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Screening for Osteoporosis: Recommendations from the U.S. Preventive Services Task Force FREE

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The summary below is from the full reports titled “Screening for Osteoporosis in Postmenopausal Women: Recommendations and Rationale” and “Screening for Postmenopausal Osteoporosis: A Review of the Evidence for the U.S. Preventive Services Task Force.” They are in the 17 September 2002 issue of Annals of Internal Medicine (volume 137, pages 526-528 and pages 529-541). The first report was written by the U.S. Preventive Services Task Force; the second report was written by HD Nelson, M Helfand, SH Woolf, and JD Allan.

Ann Intern Med. 2002;137(6):I-59. doi:10.7326/0003-4819-137-6-200209170-00006
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What is the U.S. Preventive Services Task Force?

The U.S. Preventive Services Task Force (USPSTF) is a group of health experts that reviews published research and makes recommendations about preventive health care.

What is the problem and what is known about it so far?

Osteoporosis is a condition in which bones become less dense and more fragile and bone fractures occur more easily. Since estrogen keeps bone dense, osteoporosis is especially common in women after menopause as estrogen levels drop. Estimates suggest that half of all postmenopausal women will suffer an osteoporosis-related fracture. Fractures can lead to substantial disability and health care expenses.

Two approaches can be taken to prevent fractures from osteoporosis. One is to promote measures that can prevent osteoporosis itself, such as adequate calcium and vitamin D intake, physical activity, and avoidance of tobacco and alcohol. Some drugs, such as estrogen and bisphosphonates, can also prevent osteoporosis, but they are not recommended for general use because of side effects and expense. The second approach is to screen for osteoporosis. Screening can identify women with low bone density, who are at highest risk for fracture and will benefit most from drugs that prevent fracture. Testing for osteoporosis involves measuring how dense bones are by using a special test called dual-energy x-ray absorptiometry (DEXA). Newer tests involve the use of other x-ray techniques and ultrasonography, but these tests have been studied less well.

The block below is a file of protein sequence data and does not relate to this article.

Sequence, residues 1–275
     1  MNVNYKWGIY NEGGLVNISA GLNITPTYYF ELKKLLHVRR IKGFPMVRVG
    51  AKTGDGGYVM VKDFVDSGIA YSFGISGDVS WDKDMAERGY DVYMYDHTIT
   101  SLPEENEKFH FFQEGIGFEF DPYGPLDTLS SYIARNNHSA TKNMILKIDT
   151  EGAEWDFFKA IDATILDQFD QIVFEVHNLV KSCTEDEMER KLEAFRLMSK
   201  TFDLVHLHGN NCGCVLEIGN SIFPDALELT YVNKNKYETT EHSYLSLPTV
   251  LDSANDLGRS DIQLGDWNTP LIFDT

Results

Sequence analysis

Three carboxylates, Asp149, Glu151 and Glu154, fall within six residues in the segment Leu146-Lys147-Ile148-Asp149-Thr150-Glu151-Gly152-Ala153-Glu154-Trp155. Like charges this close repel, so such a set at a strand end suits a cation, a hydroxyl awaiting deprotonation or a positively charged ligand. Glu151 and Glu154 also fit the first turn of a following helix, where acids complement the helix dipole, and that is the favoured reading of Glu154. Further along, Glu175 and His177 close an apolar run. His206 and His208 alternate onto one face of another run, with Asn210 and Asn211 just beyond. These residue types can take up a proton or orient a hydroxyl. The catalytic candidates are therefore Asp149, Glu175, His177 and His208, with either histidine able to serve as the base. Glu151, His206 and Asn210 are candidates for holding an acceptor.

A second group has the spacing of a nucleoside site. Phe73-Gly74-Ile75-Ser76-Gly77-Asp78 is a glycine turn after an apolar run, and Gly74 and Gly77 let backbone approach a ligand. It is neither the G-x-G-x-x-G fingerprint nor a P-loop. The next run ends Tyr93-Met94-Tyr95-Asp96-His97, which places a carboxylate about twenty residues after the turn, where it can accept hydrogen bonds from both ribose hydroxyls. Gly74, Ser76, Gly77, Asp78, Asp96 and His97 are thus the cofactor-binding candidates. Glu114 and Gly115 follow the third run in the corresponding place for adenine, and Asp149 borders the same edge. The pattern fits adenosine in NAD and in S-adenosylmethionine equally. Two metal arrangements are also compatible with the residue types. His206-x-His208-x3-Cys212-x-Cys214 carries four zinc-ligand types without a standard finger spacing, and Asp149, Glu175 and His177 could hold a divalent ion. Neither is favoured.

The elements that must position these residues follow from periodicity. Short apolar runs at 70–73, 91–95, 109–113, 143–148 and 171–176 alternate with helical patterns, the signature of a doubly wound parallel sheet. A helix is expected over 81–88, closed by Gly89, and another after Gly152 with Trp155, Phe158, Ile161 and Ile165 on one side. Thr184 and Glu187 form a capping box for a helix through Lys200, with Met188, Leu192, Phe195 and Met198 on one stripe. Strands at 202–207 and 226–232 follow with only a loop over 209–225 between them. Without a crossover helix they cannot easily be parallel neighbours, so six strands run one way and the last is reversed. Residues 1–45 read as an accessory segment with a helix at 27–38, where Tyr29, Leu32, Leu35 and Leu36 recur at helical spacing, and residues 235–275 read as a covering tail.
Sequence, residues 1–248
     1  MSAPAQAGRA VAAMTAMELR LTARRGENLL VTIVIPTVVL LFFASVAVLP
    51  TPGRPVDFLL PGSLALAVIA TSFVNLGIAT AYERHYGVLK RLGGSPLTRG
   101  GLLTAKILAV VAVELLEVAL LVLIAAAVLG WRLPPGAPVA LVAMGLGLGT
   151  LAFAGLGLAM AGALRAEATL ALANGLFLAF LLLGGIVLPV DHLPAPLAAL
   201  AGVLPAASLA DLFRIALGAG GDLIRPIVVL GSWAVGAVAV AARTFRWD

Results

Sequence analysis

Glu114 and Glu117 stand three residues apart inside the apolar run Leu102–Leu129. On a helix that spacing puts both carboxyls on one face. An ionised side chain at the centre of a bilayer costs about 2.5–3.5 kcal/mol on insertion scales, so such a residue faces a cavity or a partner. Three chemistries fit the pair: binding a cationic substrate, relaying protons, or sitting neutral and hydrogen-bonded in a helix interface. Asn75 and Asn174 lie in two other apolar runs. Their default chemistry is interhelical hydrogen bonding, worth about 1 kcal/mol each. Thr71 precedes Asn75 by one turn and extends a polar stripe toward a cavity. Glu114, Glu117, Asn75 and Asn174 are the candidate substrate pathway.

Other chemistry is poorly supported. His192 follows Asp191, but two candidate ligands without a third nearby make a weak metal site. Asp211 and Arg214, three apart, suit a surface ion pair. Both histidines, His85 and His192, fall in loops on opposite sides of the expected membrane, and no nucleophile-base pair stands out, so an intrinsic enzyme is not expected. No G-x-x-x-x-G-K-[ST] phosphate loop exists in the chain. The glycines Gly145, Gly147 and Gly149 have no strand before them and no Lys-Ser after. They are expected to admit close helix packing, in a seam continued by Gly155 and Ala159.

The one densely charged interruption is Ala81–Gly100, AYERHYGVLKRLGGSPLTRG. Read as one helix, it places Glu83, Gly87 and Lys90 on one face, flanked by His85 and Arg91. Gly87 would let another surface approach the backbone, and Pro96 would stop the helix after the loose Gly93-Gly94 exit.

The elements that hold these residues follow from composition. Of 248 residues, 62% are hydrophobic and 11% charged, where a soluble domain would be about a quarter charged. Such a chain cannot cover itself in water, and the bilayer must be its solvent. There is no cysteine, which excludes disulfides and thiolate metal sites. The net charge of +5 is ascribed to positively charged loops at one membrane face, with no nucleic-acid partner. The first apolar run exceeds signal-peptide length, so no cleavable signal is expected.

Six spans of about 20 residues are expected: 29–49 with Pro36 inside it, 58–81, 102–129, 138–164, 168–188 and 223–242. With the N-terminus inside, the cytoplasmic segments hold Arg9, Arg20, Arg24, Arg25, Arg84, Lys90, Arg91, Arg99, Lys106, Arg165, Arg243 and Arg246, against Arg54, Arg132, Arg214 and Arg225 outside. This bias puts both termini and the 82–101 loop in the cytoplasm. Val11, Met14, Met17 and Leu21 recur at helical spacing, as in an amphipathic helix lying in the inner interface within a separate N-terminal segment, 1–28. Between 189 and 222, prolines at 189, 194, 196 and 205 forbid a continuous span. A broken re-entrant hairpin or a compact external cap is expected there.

How did the USPSTF develop these recommendations?

The USPSTF reviewed published English-language research to measure the benefits and harms of screening for osteoporosis.

What did the authors find?

The authors found no studies that specifically looked at the effectiveness of screening for osteoporosis, so they considered information about the frequency of osteoporosis, the accuracy of the screening tests, and the effectiveness of treatments for osteoporosis. The authors found strong evidence that older age, weight under 70 kg (154 pounds), and not taking estrogen were risk factors for osteoporosis and related fractures. They found less strong evidence for the following risk factors: smoking, weight loss, family history of osteoporosis, low physical activity, high alcohol or caffeine intake, and low vitamin D and calcium intake. Surveys designed to screen for osteoporosis were moderately useful. Bone density measurement using DEXA is the best available test to identify women who are at risk for an osteoporosis-related fracture. Several available medications reduce the risk for fracture in women with low bone density, but evidence is currently strongest for bisphosphonates.

What does the USPSTF suggest that patients do?

All women 65 years of age and older should be screened for osteoporosis by getting a bone density test. Women who have risk factors for osteoporosis should begin screening when they are 60 years of age. The screening test that has the most research to support it is DEXA obtained at the hip. It is unclear how frequently screening should occur. Screening more often than every 2 years is not likely to be helpful, and even longer intervals, such as 5 years, are probably adequate for women with normal bone density. Women with low bone density should receive treatment to prevent further decline in bone density and osteoporosis-related fractures.

What are the cautions related to these recommendations?

The USPSTF may revise these recommendations as new information becomes available about osteoporosis risk factors, screening tests, and treatments.





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